Decomposing the Old-Fashioned Way is the Latest Funeral Trend

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Welcome to this week’s Reading List, a collection of the most interesting science and technology stories on the Internet. This week, we’ll stroll through the cemeteries of the future, take a pivotal road trip with Dwight D. Eisenhower, and dive into the dying oceans of 2100.

  • The funeral industry is adapting as more people choose cremation or or old-fashioned, eco-friendly burials. [Hopes and Fears]
  • In the post-carrier-subsidy world, smartphones are distressingly expensive, so a $50 smartphone sounds pretty appealing — and for people in many parts of the world, access to affordable smartphones could be a life-changing development. The economics of producing this hypothetical handset aren’t so simple, though. [Engadget]
  • You’ve probably seen that documentary about how terrible sugar is, but sugar isn’t nearly as bad for you as watching pseudoscience documentaries. [Slate]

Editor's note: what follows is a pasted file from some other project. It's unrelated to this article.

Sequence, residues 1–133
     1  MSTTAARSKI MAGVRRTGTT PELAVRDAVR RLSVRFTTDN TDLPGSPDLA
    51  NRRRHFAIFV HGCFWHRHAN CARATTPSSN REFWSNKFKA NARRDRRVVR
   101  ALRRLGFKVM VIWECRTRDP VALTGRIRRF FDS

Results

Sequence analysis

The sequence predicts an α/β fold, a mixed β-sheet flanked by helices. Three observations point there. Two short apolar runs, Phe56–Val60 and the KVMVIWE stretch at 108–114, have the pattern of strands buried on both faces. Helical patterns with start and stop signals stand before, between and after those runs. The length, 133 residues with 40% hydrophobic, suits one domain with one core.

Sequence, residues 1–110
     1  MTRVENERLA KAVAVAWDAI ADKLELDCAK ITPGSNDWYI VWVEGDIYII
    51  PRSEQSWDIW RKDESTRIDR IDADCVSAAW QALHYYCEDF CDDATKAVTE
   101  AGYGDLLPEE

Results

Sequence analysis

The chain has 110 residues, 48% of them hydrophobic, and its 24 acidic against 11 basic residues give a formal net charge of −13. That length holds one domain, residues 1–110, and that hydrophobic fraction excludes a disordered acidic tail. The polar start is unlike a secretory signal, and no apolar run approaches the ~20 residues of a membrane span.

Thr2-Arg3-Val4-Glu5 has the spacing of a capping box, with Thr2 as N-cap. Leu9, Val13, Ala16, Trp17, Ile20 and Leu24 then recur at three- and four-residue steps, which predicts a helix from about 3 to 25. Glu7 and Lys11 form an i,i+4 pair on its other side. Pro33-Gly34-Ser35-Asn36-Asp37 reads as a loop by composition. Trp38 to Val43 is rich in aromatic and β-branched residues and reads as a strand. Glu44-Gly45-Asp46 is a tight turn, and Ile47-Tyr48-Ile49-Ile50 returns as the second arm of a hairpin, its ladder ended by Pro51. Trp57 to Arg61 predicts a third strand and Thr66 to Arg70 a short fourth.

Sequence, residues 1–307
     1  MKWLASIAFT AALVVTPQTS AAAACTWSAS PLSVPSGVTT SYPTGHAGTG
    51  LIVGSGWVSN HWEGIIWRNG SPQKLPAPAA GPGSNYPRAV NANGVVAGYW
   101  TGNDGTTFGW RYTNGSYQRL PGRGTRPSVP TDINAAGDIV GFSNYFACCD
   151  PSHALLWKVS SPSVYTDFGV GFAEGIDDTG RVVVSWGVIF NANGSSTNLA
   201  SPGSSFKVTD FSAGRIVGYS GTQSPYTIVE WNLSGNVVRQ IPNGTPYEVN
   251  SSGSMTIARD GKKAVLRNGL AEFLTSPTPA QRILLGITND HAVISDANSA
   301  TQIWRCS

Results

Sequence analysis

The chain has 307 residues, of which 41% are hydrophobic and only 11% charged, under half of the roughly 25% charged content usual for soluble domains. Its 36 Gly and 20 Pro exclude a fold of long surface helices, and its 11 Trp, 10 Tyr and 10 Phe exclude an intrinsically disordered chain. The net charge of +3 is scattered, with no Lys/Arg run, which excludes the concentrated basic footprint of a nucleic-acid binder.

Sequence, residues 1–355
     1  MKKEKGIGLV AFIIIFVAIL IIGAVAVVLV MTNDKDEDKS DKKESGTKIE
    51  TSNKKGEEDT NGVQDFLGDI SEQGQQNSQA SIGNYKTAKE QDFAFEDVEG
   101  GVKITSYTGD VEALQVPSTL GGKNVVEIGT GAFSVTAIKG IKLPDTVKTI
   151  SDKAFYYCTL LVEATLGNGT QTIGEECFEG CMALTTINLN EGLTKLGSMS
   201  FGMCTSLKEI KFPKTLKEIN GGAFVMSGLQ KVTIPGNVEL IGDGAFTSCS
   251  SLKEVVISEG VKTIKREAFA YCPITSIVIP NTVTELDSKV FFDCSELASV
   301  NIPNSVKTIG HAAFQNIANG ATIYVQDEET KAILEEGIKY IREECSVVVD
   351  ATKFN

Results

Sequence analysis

• AT&T isn’t the only company to share information with the NSA, but the phone company has a unique and crucial relationship with the agency, according to a review of leaked documents. [ProPublica]
  • By 2100, our oceans could be 5 feet deeper and several degrees warmer. They’ll also be dotted with hypoxic dead zones, too acidic to support most marine life, and populated by more garbage than fish. Unless, of course, we do something about it. [Motherboard]
  • In 1919, Dwight D. Eisenhower took the worst road trip ever. The experience planted the idea for today’s Interstate high system in his mind. [AtlasObscura]

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Top image: Sian Harrison via Wikimedia Commons